Those buying a ticket to Gangster Squad get exactly what they pay for — a goosebump inducing account of one of the biggest police mob stings in history.
Gangster Squad is a thrilling action movie for dedicated gangster movie enthusiasts and newcomers to the genre alike. Directed by Ruben Fleischer, the violent and dramatic mob movie premiered Jan. 11.
Even without much prior knowledge of Cohen (Sean Penn), the opening scene impressively grabbed my attention while concisely explaining Cohen’s past. The scene begins in 1949, and the former Jewish boxer becomes a powerful force in the West Coast mob drug, gaming and prostitution rings.
Cohen’s particularly ruthless and psychotic tactics captivates the former World War II combat veteran, Sergeant O’Mara. He obsesses over putting an end to Cohen’s operations, defying his boss, Commissioner Will Parker (Nick Nolte) and his pregnant wife, Connie (Mireille Enos), to form the gangster squad.
In the midst of waging war, Jerry Wooters (Ryan Gosling), squad member, falls for Cohen’s girl, Grace Faraday (Emma Stone). Faraday adds an essential, human element to the film. Her romance with Wooters helps build tension while distracting viewers from the more violent shooting scenes.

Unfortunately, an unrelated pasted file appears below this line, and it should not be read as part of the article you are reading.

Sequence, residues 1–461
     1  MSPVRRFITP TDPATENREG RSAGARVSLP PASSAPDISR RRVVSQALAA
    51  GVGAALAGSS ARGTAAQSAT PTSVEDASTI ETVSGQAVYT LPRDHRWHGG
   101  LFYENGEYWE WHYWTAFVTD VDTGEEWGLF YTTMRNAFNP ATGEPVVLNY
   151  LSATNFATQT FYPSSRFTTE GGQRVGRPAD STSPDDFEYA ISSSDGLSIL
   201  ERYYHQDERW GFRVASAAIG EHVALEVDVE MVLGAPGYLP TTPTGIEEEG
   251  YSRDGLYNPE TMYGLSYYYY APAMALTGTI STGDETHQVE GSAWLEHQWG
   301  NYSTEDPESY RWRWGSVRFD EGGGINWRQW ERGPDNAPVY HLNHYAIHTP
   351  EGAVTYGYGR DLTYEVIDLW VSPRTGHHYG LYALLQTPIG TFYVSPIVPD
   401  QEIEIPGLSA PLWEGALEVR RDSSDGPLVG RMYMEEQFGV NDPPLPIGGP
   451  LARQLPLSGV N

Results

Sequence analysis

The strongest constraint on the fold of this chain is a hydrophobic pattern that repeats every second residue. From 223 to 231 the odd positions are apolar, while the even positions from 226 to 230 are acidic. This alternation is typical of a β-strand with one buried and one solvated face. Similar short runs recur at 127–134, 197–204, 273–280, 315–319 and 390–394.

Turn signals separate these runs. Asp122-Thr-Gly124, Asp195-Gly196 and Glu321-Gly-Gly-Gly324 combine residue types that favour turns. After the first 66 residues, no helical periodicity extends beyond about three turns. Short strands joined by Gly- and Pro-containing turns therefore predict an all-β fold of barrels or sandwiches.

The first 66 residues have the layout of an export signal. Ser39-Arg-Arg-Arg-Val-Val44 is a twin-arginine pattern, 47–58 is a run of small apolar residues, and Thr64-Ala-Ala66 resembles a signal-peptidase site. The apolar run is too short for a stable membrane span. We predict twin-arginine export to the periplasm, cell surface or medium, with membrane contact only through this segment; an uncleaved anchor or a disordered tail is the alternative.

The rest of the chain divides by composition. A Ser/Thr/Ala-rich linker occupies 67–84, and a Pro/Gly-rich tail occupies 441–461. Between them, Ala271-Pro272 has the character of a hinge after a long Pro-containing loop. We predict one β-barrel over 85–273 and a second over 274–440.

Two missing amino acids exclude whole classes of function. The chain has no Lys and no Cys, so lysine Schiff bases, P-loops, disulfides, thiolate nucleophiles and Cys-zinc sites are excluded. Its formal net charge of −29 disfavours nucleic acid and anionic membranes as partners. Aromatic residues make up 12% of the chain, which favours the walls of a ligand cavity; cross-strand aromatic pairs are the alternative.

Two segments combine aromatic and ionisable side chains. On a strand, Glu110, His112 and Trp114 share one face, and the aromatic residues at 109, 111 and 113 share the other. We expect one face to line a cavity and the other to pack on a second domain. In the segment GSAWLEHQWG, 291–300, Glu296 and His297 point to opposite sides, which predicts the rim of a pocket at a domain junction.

The vintage dress in Gangster Squad was impressively vivid and realistic. Policemen and gangsters appear believable and sharp in fitted gray suits with matching fedoras. Faraday embodies old Hollywood glamour in bright red and blue pantsuits and a gorgeous over-the shoulder gown.
However, the movie is far from perfect. My main criticism with the movie is that it did not give a completely accurate portrayal of Cohen. Historians regarded the real Mickey Cohen as an admired, charismatic figure in mob culture, not the cruel madman Penn portrays.
Another is the overly dramatic shootout scenes. Considering the movie is about catching a notorious gangster, these scenes are not overdone, but the rating could have easily been down-graded from R to PG-13 if some of the more graphic shootout scenes were cut.
In light of the Aurora shooting, Warner Brothers decided to push Gangster Squad’s release date to Jan. 11. Their intention was to not perpetuate gun violence or disrespect the families of victims. It was appropriate to move the date, but I still feel it was wrong to emphasize brutal gun murder scenes.
Overall, I highly recommend the movie to anyone who appreciates a good gangster or gritty action flick. Gangster Squad is a riveting movie for mature audiences.